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Baby Development Bilingual Babies Get Head Start, before they can Even Talk

Posted Apr 21 2009 11:13pm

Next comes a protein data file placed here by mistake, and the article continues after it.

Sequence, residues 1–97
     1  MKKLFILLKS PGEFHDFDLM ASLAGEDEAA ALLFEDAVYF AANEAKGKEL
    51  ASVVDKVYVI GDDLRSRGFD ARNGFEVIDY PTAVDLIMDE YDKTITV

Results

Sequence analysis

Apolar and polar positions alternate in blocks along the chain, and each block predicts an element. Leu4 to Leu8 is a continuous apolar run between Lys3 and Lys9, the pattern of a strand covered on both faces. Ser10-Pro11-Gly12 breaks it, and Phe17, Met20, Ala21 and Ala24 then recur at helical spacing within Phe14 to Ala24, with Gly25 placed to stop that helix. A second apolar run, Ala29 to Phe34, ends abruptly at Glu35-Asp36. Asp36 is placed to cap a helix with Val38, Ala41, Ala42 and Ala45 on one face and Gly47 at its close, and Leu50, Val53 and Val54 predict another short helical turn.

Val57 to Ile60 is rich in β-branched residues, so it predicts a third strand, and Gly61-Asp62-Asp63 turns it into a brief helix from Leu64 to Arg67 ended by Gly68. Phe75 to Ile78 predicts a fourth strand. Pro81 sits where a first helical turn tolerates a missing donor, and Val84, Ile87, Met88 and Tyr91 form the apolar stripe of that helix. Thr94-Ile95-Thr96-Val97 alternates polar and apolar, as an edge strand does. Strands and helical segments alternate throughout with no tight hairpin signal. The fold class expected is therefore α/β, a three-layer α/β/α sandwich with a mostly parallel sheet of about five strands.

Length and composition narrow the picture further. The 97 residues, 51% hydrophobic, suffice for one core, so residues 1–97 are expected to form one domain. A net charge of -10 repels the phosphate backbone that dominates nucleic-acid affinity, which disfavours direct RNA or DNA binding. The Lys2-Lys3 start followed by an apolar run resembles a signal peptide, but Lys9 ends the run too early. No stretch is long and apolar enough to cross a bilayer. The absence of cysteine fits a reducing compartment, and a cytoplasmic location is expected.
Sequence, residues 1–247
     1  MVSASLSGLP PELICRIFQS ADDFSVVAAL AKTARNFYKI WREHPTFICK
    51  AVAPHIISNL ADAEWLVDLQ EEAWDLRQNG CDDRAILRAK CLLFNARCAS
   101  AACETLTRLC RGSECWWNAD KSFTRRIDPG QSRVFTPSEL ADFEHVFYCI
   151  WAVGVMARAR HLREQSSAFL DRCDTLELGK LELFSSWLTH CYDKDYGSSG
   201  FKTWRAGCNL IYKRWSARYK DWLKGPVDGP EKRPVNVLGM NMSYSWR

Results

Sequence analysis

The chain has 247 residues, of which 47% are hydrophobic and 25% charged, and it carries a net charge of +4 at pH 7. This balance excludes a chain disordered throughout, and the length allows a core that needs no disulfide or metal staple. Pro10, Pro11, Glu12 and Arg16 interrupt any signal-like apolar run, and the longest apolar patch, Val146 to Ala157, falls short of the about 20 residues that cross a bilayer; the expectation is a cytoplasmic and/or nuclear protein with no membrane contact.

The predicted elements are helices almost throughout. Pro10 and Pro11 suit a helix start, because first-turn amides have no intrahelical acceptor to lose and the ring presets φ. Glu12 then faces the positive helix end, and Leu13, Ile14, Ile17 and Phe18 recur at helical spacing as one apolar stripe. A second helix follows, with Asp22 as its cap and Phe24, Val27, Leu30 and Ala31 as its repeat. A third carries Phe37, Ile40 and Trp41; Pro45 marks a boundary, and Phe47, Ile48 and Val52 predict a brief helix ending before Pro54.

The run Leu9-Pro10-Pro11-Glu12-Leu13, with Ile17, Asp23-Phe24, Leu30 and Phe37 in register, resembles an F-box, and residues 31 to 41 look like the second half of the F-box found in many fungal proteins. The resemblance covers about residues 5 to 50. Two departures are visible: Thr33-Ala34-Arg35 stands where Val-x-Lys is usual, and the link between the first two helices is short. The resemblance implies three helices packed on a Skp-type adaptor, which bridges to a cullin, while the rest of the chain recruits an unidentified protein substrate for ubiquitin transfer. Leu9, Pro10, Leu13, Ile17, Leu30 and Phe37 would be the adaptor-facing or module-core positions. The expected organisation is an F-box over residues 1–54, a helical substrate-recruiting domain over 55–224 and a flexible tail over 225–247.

By Colleen Hurley, RD, Certified Kids Nutrition Specialist If there is more than one language being spoken in the house, your natural inclination may be that it could be confusing for a new baby. It turns out just the opposite is true, as a new study found that bilingual households can give babies a head start, even before they utter their first words. Previous research on this subject matter has found that babies can indeed tell the difference between the sounds of various languages at a very young age. It has also been previously inferred that bilingual babies are smarter than monolingual infants, but the researchers note there is nothing to say that the monolinguals dont eventually catch up to their bilingual counterparts. In several European countries, parents have been apprehensive about teaching babies more than one language at a time, even if there are many being spoken in the household. The study author Jacques Mehler of the Language, Cognition, and Development Lab at the International School for Advanced Studies in Trieste, Italy, explains that this study found that this is not the case at all. Involving 40 infants, the study tested babies ability to process language using cartoon critters on a computer screen. Half of the infants in the study were from Italian speaking only households, while the other half were from houses where Italian and another language was spoken. Two different types of word-like sounds were played for a split second before a character would appear in one of two areas on the screen. The test was designed to see if the babies could predict where the character would appear based on the sound cues. The bilingual group was able to learn a new sound type and predict where the character would pop up next, while the single language group did not. Being from bilingual households meant more than just switching languages, but also enhanced cognitive ability to pick the right tool for the right operation . This basic brain process, also known as executive function, allows the brain to switch from one learned response to another. It is not hopeless for monolingual babies, however, as they tend to hone this skill later in their young lives.
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